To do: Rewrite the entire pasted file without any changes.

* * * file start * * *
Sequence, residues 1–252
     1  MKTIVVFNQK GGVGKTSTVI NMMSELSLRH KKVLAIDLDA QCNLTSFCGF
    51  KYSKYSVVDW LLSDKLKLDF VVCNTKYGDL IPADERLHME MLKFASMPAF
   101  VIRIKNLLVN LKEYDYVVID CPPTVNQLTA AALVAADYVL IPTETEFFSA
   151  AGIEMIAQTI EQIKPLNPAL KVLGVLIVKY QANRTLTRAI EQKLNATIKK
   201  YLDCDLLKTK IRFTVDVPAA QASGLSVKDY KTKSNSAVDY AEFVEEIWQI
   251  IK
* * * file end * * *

Sequence, residues 1–252
     1  MKTIVVFNQK GGVGKTSTVI NMMSELSLRH KKVLAIDLDA QCNLTSFCGF
    51  KYSKYSVVDW LLSDKLKLDF VVCNTKYGDL IPADERLHME MLKFASMPAF
   101  VIRIKNLLVN LKEYDYVVID CPPTVNQLTA AALVAADYVL IPTETEFFSA
   151  AGIEMIAQTI EQIKPLNPAL KVLGVLIVKY QANRTLTRAI EQKLNATIKK
   201  YLDCDLLKTK IRFTVDVPAA QASGLSVKDY KTKSNSAVDY AEFVEEIWQI
   251  IK